Weaknesses: Outside contain. While his run defense has beefed up a bit, he still lets change of pace backs get outside of him too often. Also did not pair well with Dorsey's backups, and didn't collapse to stop the run in the Cleveland games.
Players who benefited: Glenn Dorsey and Wallace Gilberry. Both were able to take advantage of other teams keying off of Tamba and make plays happen.
Final Grade: B+. Tamba showed well this season, and was defintely the biggest consistent playmaker on the field for this front 7. A little better job at his run defense and we'll have a special player. (Prior Grade: B)
Andy Studebaker: Is there any doubt who this guy is being groomed to take the place of? Mike Vrabel's "kid brother" played well enough in his limited appearances this season, mostly on special teams. His 28 tackles (24 solo), 2 INT's, and 3 PBU's in limited time show that he's similar to Vrabel in a pass coverage OLB role. He was a solid playmaker in the Pittsburgh game, then turned in a not-so-great performance against SD the next game. He's not very good at fighting through o-line blocks, but has shown his speed and ability to shed on special teams. Another intelligent football player who very well may have a long future with this team.
Strengths: Pass coverage. For an OLB, he reads the pass routes damn well. Very good at anticipating the QB's throw and jumped a couple routes against the Steelers.
Weaknesses: Run defense. He tends to not fight through blocks as well as some would like and gets a little "lost in the wash" on some plays. Needs to be more stout at the point of attack.
Players who benefited: DJ/Williams. Whomever was playing next to him as a coverage 'backer had their job made easier while he was on the field.
Final Grade: C+. A solid backup that has grown by leaps and bounds under Vrabel's tutelage. Still needs some polishing, but could be a diamond in the rough.
Demorrio Williams: A slight return to form from Demorrio this year with 117 tackles (95 solo) and 6 PBU's. He really benefited from the improved play of TJ and Vrabel towards the end of the year and racked up game after game of tackles. However, a good portion of those tackles are ones that have come TO him, rather than the other way around. While he patient and waits to watch the play develop rather than hitting the wrong hole, he tends to play back on his heels, and the transition to pursuit is slower than it could be. He played well in pass coverage, usually drawing the TE or short zone, but sometimes got burned by a crossing route due to a lack of safety help. The stats are a little inflated due to the nature of the 3-4 defense, but he typically chooses the right spot to be, even if it is a little farther down the field. Maybe a byproduct of our previous "bend but don't break" defenses? Still, definitely our most consistent linebacker.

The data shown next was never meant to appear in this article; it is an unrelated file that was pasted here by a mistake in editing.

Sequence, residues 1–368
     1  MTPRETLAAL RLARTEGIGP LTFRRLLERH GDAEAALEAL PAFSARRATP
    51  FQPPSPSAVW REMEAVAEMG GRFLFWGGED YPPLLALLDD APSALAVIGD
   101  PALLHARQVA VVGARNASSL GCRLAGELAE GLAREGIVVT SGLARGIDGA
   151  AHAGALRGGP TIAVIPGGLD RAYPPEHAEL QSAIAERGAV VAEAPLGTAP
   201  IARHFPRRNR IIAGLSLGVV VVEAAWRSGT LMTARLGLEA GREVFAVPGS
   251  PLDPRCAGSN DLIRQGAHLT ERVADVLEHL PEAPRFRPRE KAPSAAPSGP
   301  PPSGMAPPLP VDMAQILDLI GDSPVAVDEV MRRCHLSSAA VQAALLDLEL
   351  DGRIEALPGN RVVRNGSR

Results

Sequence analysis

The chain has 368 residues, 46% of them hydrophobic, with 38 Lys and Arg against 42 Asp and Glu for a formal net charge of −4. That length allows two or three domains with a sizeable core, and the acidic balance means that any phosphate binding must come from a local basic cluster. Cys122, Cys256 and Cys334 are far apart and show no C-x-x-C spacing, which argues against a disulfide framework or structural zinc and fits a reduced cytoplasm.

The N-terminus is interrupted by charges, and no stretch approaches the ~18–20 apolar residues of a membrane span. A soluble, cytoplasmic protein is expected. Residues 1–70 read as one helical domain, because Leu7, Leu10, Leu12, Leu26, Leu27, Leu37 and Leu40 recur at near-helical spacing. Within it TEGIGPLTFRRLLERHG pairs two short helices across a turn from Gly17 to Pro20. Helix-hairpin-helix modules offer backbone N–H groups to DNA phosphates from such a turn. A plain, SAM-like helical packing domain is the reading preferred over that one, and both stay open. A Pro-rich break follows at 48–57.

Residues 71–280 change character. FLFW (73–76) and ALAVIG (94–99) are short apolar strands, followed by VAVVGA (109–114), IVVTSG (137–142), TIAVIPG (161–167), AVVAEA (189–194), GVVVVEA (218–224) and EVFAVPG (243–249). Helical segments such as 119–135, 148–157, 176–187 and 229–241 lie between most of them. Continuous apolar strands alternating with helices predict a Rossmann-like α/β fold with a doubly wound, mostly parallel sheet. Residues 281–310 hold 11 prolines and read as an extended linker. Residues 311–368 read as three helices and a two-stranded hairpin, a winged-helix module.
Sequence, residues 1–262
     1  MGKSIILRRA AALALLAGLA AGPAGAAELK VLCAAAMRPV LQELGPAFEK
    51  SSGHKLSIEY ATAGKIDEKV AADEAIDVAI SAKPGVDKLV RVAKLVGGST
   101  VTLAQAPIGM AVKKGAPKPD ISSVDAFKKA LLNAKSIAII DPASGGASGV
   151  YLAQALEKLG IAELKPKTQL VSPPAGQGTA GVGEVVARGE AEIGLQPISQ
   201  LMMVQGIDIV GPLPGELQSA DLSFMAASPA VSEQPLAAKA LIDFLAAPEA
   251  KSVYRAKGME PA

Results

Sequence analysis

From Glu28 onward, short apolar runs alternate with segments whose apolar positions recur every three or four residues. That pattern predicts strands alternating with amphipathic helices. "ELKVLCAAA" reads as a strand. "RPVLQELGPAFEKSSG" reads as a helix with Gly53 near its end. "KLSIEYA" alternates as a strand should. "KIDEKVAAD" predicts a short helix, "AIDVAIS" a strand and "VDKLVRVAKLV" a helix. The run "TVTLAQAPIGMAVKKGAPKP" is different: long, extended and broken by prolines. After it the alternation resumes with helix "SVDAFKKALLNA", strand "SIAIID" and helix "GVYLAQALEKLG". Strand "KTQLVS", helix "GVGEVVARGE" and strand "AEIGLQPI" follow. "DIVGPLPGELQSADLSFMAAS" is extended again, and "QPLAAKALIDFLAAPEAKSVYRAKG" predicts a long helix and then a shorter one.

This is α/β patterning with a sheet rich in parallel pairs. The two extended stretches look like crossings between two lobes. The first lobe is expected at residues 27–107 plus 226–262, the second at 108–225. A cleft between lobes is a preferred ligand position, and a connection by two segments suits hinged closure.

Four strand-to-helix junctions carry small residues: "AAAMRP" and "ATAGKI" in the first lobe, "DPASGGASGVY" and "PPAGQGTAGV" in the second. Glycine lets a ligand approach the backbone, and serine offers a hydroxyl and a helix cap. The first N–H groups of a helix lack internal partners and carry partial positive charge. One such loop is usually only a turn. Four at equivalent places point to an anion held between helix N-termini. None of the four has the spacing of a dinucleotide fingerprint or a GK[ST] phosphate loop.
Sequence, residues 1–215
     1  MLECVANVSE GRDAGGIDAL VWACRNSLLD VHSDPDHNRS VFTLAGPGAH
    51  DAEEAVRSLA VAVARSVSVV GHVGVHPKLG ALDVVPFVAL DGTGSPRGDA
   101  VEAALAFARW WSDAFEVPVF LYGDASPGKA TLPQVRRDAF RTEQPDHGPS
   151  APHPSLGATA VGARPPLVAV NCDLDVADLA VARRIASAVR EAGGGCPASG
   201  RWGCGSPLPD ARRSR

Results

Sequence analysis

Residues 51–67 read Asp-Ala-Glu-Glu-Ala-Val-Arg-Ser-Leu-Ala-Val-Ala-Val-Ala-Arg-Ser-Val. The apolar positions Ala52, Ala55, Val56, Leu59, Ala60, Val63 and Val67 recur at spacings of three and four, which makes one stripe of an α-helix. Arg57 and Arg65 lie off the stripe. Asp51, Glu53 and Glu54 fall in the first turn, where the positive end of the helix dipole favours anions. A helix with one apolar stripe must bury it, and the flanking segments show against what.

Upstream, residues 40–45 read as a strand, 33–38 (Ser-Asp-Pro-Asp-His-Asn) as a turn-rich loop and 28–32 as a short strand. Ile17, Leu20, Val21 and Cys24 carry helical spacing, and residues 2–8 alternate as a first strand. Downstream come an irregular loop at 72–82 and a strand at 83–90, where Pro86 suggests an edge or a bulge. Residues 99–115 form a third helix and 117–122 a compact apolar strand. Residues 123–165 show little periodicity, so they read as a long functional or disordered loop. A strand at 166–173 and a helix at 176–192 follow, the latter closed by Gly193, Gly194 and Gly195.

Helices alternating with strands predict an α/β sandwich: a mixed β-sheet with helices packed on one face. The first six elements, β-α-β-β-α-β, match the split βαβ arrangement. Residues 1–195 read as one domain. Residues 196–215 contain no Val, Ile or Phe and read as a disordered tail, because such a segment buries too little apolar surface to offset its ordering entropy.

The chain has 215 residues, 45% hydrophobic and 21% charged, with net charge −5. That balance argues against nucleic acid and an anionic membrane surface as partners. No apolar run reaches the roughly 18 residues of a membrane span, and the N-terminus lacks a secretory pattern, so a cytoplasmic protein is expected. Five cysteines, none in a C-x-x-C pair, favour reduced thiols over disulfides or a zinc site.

Strengths: Pass coverage and play reads. Demorrio tends to make the correct decisions when presented with them, and usually doesn't give up the big play when it's coming at him.
Weaknesses: Speed reads and arm tackling. While he makes the right decisions, developing them a bit faster would result in more stops for little to no gain, rather than a 3-4 yard pickup. He also tries to arm tackle stronger TE's and RB's sometimes and lets them break free of his hold.
Final Grade: B-. Smart ILB that knew where to be, but not quite quick enough to the ball. (Prior Grade: C)
Derrick Johnson: The roller coaster, "love him, then hate him" guy of this LB squad. Really showed some moments of brilliance (he faked everyone in the stadium out with that blitz fake for his 2nd pick in the Donks game), but had just as many boneheaded misses. There's no doubt that when he's on, he's our best linebacker. He reads the pass well, as evidenced by his stats: 37 tackles (30 solo), 1 (ride 'em, cowboy!) sack, 1 forced fumble, 3 INTs, 2 TDs, 5 PBU's. However, he's quite the contrary from Demorrio. He rushes into the hole, letting his athleticism find the back, rather than sitting and waiting. While this is good in some instances, he does take a lot of wrong angles. He also struggles with shedding the FB when he hits the hole, one of the problems with him as an ILB. Also, nimble backs tend to catch him wrong-footed more often than not. Still, he's a great playmaker...that much can't be denied. Ed. Note: Props to Clancy during the Denver game. I've been calling for DJ and Demorrio to start together for awhile. It worked.
Strengths: Gamechanger. DJ has the ability to absolutely take over a game and shut down the opposing offense. While Denver was moving the ball all over us through the air in Week 17, DJ stepped up and ended all suspense. Twice. You just don't find impact players like that everywhere.